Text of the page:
I remember my first encounter with history well. I was young. I can’t quite recall my age, but I was young enough to believe myself old for having such grown up things as a white-and-pink Spice Girls backpack and matching T-shirt. Frilly lace socks were cool, Sailor Moon pigtails and buns were a fashion statement, dunkaroos were the envy of all Australian school lunch boxes and I was on holiday. As Mum ushered me and my sister into our beat-up, once-white Ford Falcon, I had no idea that we were heading far beyond our tiny Northern Beaches flat, let alone back in time.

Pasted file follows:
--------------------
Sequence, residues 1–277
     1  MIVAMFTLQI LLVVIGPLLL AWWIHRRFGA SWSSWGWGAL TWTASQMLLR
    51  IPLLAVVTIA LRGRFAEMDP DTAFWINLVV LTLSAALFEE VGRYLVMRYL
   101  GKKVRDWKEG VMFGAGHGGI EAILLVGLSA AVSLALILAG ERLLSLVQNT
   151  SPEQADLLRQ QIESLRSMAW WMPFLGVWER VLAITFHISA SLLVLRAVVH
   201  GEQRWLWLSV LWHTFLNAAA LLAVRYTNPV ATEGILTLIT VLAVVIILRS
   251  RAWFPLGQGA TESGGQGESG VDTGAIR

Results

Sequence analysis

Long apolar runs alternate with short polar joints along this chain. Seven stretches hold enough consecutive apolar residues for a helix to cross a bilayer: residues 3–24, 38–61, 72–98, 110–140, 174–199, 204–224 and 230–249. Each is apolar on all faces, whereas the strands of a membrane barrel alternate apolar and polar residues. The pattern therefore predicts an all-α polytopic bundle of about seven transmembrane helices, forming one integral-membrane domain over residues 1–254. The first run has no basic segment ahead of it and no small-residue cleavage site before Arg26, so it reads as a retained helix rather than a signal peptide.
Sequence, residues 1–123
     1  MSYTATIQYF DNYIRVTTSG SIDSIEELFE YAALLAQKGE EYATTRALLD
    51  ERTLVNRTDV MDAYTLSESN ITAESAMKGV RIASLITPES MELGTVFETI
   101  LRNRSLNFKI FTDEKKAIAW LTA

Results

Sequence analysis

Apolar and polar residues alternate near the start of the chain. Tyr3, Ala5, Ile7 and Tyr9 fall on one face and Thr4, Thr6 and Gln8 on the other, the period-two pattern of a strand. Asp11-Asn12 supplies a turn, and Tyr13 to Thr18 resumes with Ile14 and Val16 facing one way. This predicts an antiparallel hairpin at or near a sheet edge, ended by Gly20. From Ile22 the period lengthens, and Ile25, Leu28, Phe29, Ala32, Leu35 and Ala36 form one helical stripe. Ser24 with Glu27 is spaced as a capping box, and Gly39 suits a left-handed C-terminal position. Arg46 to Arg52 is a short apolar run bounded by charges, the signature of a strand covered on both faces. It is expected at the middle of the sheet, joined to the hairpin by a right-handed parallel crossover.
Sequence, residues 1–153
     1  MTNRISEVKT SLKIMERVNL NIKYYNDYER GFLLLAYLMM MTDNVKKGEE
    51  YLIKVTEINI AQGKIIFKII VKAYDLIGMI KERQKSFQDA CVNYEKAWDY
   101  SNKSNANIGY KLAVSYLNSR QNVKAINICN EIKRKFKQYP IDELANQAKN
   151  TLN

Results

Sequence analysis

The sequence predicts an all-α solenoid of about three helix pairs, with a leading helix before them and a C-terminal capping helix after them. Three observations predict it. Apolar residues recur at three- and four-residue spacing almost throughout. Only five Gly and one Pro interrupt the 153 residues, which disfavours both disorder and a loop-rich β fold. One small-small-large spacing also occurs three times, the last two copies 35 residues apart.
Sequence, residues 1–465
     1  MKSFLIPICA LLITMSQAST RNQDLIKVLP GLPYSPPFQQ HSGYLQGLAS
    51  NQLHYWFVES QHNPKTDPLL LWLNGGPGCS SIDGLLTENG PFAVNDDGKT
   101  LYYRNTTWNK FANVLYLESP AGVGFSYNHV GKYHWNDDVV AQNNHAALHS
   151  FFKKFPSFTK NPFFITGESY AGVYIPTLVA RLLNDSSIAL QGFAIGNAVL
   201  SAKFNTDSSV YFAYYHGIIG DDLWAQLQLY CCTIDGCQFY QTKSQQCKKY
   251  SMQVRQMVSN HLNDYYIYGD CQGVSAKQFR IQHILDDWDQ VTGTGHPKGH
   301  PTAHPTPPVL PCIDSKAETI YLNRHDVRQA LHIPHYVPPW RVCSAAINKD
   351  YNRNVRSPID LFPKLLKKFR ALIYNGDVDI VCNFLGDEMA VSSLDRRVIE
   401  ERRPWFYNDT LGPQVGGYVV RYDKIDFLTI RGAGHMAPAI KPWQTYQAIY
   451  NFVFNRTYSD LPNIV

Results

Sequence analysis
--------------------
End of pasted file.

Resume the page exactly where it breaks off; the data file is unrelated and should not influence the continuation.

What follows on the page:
I remember the crunch of gravel as we pulled up in the car park of Vaucluse House. I remember the lush green of the garden, the blooming English flowers that matched the ones on Mum’s dated Dolton plates, and then the fear. The palatial home of nineteenth-century barrister, politician and explorer William Charles Wentworth struck me with terror. It was so big. So foreign. So old. At that age, whatever age I was, I associated old things with ghosts and curses. I was a girl in the 1990s. I was into Aqua and Pokémon, sneaking home brightly coloured eye shadow and tasting flavoured ChapSticks. I didn’t belong in a place that smelt heavy and bitter with time. And I was sure that whatever spirits lived there would sense that too.
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